In re Celexa and Lexapro – The First Circuit Weighs in on China Agritech and American Pipe Tolling

The Supreme Court meant what it said in China Agritech, Inc. v. Resh – that is the primary lesson from the First Circuit’s January 30th decision in In re Celexa and Lexapro Marketing and Sales Practices Litigation.  As my partner, Don Frederico, explained in a blog post last year, the Supreme Court observed in China Agritech that its prior ruling in American Pipe & Constr. Co. v. Utah “tolls the statute of limitations during the pendency of a putative class action, allowing unnamed class members to join the action individually or file individual claims if the class fails.”  China Agritech went on to hold that “American Pipe does not permit the maintenance of a follow-on class action past expiration of the statute of limitations.”  The First Circuit, in In re Celexa and Lexapro, rejected a plaintiff’s attempt to read China Agritech narrowly.

In re Asacol Antitrust Litigation – An Antidote to In re Nexium and “Ascertainability-by-Affidavit”

When last I wrote about ascertainability, I noted that a debate over the propriety of “ascertainability-by-affidavit” continued to percolate within the First Circuit even as lower courts relied on In re Nexium Antitrust Litigation to certify classes containing uninjured class members.  Specifically, I noted a couple of developments.  First, in In re Asacol Antitrust Litigation, Judge Casper of the District of Massachusetts had rejected defendants’ ascertainability arguments and certified a class containing uninjured individuals, relying on In re Nexium for the proposition that uninjured individuals could be identified and excluded after certification via submission of affidavits.  Second, I also observed that Judge Kayatta had continued, via his dissent from denial of a Rule 23(f) petition in In re Dial Complete Marketing and Sales Practices Litigation, to express concern about the “casual reliance on ‘say-so’ affidavits” apparently sanctioned by In re Nexium.  In his words, the First Circuit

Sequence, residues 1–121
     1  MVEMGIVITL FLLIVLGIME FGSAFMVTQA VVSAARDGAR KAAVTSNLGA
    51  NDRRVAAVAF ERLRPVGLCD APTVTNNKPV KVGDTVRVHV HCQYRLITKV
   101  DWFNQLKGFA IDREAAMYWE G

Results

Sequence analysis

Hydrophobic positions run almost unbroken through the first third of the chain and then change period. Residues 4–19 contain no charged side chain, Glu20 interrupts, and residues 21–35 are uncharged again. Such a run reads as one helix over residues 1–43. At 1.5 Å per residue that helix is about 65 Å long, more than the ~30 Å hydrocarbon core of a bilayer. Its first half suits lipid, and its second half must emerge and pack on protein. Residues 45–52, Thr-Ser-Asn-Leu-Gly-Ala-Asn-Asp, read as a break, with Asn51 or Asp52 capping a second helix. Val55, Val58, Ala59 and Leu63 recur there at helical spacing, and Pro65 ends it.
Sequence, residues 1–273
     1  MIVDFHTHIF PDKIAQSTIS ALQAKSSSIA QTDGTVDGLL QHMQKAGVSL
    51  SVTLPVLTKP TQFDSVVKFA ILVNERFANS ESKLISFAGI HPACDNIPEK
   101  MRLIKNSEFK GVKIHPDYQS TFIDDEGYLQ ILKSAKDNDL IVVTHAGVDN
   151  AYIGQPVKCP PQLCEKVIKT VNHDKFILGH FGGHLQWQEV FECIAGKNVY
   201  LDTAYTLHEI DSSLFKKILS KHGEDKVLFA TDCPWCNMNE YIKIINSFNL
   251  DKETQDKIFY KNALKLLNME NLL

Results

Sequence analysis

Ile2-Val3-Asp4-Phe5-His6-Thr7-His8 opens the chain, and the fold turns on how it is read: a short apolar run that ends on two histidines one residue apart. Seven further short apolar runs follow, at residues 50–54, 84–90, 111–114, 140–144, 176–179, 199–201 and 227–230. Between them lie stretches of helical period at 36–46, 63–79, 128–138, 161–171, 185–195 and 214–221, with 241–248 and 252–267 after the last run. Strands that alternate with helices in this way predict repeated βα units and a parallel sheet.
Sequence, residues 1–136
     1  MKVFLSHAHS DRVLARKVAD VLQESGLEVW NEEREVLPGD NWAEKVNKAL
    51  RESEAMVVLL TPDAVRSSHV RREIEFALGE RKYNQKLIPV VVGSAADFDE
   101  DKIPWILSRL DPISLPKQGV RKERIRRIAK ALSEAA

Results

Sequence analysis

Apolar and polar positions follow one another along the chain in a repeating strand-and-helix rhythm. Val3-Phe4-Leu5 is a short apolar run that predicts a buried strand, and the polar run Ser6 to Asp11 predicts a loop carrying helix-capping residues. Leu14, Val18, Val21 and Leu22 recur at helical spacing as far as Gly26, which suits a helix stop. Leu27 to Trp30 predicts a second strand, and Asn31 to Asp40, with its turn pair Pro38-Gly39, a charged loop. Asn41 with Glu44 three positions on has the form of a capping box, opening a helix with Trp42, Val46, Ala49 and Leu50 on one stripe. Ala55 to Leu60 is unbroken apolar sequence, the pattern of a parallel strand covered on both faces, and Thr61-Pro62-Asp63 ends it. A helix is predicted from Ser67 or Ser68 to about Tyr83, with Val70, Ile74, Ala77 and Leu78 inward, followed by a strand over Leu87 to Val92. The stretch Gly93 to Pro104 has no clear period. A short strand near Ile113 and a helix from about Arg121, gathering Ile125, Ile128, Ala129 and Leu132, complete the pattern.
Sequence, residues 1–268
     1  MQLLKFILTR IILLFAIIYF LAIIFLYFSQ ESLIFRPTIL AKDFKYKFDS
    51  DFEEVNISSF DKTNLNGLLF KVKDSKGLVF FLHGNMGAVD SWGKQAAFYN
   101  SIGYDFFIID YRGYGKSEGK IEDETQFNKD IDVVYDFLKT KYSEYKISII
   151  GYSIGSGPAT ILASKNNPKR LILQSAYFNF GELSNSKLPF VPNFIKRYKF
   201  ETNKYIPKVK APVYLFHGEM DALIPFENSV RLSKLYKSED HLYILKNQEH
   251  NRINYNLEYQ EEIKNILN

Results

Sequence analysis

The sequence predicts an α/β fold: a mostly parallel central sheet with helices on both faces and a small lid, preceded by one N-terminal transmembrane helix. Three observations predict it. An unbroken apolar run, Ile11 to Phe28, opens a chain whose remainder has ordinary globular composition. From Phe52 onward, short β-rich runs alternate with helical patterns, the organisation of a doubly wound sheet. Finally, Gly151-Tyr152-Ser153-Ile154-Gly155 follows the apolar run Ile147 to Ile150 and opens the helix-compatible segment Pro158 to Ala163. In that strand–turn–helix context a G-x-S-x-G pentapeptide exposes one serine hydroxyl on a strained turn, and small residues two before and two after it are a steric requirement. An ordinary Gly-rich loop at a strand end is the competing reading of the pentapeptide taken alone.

Federal District Courts Tackle Application of Bristol-Myers Squibb Co. v. Superior Court to Class Actions

In June 2017, we wrote about the Supreme Court’s decision in Bristol-Myers Squibb Co. v. Superior Court, 137 S. Ct. 1773 (2017) and how it would likely affect attempts by plaintiffs to pursue multi-state or nationwide class actions.  As predicted, the case law is rapidly developing in the district courts, where, in reliance on Bristol-Myers’ holding, defendants challenge courts’ jurisdiction in cases where non-resident plaintiffs assert claims against non-resident defendants not subject to general jurisdiction.

We expect the post-Bristol-Myers landscape will continue to evolve and at some point, the various Circuit Courts of Appeals will begin weighing in.  Until then, below we provide a brief overview of recent notable district court decisions on this topic.  As this overview shows, the majority of courts have held that under Bristol-Myers, they do not have personal jurisdiction over the non-resident defendants with regard to claims brought by the non-resident plaintiffs.

Courts have taken